They are also looking to bring to trial various officials who are either corrupt or complicit in violence that's been directed against the people.

Based on the election results, someone would be empowered to form a new government, and as you might guess, the NDP wants nothing at all to do with any part of this plan.

That said, there is a ton of speculation that some sort of exit is being arranged. But it is also fair to point out that Mubarak may be able to simply wait it out until September, when elections are currently scheduled to be held. Considering the situation in the streets at the moment, however, that seems hard to visualize.

"And nobody yet has, no body yet has explained to the American public what they know, and surely they know more than the rest of us know who it is who will be taking the place of Mubarak and um, no, not, not real um enthused about what it is that that's being done on a national level and from D.C. in regards to understanding all the situation there in Egypt. And um, in these areas that are so volatile right now because obviously it's not just Egypt but the other countries too where we are seeing uprisings, we know that now more than ever, we need strength and sound mind there in the White House. We need to know what it is that America stands for so we know who it is that America will stand with. And um, we do not have all that information yet."

--Sarah Palin, commenting on these same events, February 5th, 2011

So that's a quick roundup of the past: now it's time to earn my big-time fake consulting chops.

Look, my friends at the State Department and the Pentagon and the CIA and the NSC and the LMNOP-QRS-TUV or whatever, it's a simple as this: if the people in some country are tired of being tortured or oppressed or just held back economically, and they look at their political leadership and they have the strong urge to send a telegram like the one I quoted at the top of the story, and that leadership pretty much has a monopoly on power - and they are basically being propped up by us - that country, sooner or later, is going to end up exactly like Egypt. And the people in that country are not going to forget that we were supporting the regime that caused their troubles.

To make it even simpler: if the local population can apply the word "hypocrite" to our relationship with the local government, you have been warned.

And you don't have to look far to see those kinds of regimes: Yemen jumps right out at us, so does Saudi, Jordan is another, same with Pakistan. The Philippines might be one of those places, and Turkey, too, and Columbia surely is one of 'em. Israel has a restive Arab population, and someday we and they will have to face up to this same problem.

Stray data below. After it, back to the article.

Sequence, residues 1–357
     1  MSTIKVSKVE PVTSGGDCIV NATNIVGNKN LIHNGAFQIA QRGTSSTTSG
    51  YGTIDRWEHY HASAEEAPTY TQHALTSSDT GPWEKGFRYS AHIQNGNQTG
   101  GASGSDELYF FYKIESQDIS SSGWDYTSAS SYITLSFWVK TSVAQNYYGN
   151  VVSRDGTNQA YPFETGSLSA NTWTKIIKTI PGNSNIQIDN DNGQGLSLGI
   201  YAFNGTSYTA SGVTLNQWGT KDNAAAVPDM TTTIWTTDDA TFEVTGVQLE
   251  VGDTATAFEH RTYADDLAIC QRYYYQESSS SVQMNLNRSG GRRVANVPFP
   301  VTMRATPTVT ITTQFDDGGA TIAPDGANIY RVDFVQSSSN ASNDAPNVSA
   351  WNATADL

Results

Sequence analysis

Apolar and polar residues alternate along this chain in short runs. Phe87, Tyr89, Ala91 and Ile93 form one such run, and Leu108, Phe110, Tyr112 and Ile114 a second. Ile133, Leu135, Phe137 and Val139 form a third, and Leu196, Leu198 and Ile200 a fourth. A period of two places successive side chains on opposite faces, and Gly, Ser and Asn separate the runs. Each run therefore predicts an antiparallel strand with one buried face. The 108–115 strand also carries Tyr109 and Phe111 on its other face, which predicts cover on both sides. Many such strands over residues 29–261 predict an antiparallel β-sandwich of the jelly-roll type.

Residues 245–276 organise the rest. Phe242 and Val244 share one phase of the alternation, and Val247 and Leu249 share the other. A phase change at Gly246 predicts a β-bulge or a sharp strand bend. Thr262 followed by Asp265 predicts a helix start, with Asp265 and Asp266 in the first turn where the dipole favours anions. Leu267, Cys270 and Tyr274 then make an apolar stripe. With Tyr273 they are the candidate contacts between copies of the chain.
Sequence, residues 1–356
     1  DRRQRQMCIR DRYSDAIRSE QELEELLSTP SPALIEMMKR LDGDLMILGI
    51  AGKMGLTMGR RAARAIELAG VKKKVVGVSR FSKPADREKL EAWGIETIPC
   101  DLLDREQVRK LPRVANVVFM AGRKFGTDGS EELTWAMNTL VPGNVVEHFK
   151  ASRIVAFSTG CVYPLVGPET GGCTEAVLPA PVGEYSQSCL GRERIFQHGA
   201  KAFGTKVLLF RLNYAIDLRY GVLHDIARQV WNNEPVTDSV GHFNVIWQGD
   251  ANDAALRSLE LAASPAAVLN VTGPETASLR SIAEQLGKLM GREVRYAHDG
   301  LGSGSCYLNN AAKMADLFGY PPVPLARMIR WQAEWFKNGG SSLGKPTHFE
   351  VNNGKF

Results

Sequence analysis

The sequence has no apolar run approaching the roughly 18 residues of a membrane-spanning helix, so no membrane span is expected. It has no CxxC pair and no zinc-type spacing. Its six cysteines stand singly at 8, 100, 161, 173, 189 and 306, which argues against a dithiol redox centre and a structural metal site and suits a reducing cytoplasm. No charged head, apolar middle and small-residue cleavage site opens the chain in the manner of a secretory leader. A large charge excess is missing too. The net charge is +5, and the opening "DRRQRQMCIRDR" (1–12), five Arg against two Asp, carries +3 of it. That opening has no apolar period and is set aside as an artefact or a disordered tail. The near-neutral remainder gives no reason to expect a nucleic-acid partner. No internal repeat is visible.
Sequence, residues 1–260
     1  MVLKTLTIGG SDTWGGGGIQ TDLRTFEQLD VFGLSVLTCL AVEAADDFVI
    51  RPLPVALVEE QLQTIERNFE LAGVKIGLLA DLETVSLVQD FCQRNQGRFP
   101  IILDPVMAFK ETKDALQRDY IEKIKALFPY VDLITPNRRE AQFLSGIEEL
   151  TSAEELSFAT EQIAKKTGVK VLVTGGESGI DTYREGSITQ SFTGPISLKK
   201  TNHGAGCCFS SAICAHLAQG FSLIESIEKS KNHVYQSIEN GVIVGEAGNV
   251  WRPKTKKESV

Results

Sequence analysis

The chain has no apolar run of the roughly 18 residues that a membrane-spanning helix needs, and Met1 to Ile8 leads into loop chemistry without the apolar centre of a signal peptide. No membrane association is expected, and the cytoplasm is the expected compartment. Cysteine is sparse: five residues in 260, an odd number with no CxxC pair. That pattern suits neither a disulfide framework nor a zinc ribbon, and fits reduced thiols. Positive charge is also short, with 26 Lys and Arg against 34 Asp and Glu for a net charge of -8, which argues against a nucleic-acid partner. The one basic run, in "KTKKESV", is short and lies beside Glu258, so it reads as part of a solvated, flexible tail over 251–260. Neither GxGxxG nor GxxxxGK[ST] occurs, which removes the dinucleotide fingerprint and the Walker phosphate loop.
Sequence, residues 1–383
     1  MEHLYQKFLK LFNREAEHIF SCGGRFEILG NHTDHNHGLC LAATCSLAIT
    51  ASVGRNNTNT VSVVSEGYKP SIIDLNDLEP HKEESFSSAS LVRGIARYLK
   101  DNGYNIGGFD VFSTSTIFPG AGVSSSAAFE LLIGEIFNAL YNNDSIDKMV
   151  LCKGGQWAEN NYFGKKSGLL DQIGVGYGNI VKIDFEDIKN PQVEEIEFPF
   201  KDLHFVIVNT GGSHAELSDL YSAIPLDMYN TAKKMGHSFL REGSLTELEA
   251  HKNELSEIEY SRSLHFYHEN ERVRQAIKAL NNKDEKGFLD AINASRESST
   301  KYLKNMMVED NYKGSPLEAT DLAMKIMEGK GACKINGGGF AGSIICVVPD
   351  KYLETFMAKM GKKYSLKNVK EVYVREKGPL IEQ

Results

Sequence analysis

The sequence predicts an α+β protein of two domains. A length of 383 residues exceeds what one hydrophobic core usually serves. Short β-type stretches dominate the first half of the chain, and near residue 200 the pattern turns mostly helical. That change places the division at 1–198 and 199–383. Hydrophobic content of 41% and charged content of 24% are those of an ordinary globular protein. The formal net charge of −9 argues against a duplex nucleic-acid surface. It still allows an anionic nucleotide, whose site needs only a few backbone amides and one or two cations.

(This isn't just a problem Americans have to worry about, either: if I were a political leader in China today, I'd be very nervous.)

So how do we, in a realpolitik world, "bridge" the relationships that we have with these regimes in a way that also bridges the relationships we have with the people of those countries and their very real grievances?

One way might be to use Egypt as an example: sit down with the leaders of some of these countries and say "Hey, look, this will be you unless something is done. Now how can we help you open up in a way that still keeps your family, or your tribe, making a good living in a growing country, as opposed to having to run out one night with whatever cash you've hidden or can carry, leaving your palaces and oilfields and a few heads behind?"

Now I'll be the first to admit that this has not been our style for 150 years or so, but just as the military has had to adapt to the new reality that we are not likely to be fighting masses of Soviet armor in central Europe, our diplomacy is going to have to wake up and realize that the best shot we have in making this transition is to actually be what we mythologize to the world that we are: defenders of freedom and promoters of Truth, Justice, and the American Way.

I'll also quickly admit that, even in a "best-case scenario," some of these countries are not going to have friendly relations with us going forward. Allowing that process to happen is probably the best way to establish our own credibility, and re-earning our "honest broker" status, in many cases, may be the best outcome we can hope for.

And it doesn't have to be all bad: Vietnam, in a third of a century, went from being a country that we blew up on a daily basis to a country that has, for the most part, found its own way in the world, and we were able to adapt to that new reality just fine.

So let the warning be heard, Smart People In Power: there are a lot more countries like Egypt out there, there's a simple test available to figure out which ones could be giving us trouble one day (the "hypocrite!" test), and we suddenly have a perfect opportunity to begin the process of "resetting" the relationships between the US and some of the most odious regimes with whom we are today doing business.